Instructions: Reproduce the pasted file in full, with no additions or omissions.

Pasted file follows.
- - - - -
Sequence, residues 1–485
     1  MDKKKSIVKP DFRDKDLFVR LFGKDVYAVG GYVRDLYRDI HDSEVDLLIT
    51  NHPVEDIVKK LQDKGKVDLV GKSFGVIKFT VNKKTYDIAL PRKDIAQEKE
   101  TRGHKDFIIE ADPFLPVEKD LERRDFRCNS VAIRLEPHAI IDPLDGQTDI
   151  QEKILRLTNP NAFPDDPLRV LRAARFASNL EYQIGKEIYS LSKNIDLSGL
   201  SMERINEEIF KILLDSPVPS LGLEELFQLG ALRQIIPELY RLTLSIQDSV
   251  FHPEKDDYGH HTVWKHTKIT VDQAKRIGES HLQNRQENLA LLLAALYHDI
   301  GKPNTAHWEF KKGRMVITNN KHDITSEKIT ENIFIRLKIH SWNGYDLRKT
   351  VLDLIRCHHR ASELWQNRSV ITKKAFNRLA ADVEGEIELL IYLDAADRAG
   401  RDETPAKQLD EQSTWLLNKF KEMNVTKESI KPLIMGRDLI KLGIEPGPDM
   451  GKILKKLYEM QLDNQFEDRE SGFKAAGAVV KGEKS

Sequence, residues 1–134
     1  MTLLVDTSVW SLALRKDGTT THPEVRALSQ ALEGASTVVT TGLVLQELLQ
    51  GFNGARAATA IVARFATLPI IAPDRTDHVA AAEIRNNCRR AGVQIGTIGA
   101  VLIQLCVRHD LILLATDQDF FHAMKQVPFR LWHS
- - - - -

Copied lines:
Sequence, residues 1–485
     1  MDKKKSIVKP DFRDKDLFVR LFGKDVYAVG GYVRDLYRDI HDSEVDLLIT
    51  NHPVEDIVKK LQDKGKVDLV GKSFGVIKFT VNKKTYDIAL PRKDIAQEKE
   101  TRGHKDFIIE ADPFLPVEKD LERRDFRCNS VAIRLEPHAI IDPLDGQTDI
   151  QEKILRLTNP NAFPDDPLRV LRAARFASNL EYQIGKEIYS LSKNIDLSGL
   201  SMERINEEIF KILLDSPVPS LGLEELFQLG ALRQIIPELY RLTLSIQDSV
   251  FHPEKDDYGH HTVWKHTKIT VDQAKRIGES HLQNRQENLA LLLAALYHDI
   301  GKPNTAHWEF KKGRMVITNN KHDITSEKIT ENIFIRLKIH SWNGYDLRKT
   351  VLDLIRCHHR ASELWQNRSV ITKKAFNRLA ADVEGEIELL IYLDAADRAG
   401  RDETPAKQLD EQSTWLLNKF KEMNVTKESI KPLIMGRDLI KLGIEPGPDM
   451  GKILKKLYEM QLDNQFEDRE SGFKAAGAVV KGEKS

Sequence, residues 1–134
     1  MTLLVDTSVW SLALRKDGTT THPEVRALSQ ALEGASTVVT TGLVLQELLQ
    51  GFNGARAATA IVARFATLPI IAPDRTDHVA AAEIRNNCRR AGVQIGTIGA
   101  VLIQLCVRHD LILLATDQDF FHAMKQVPFR LWHS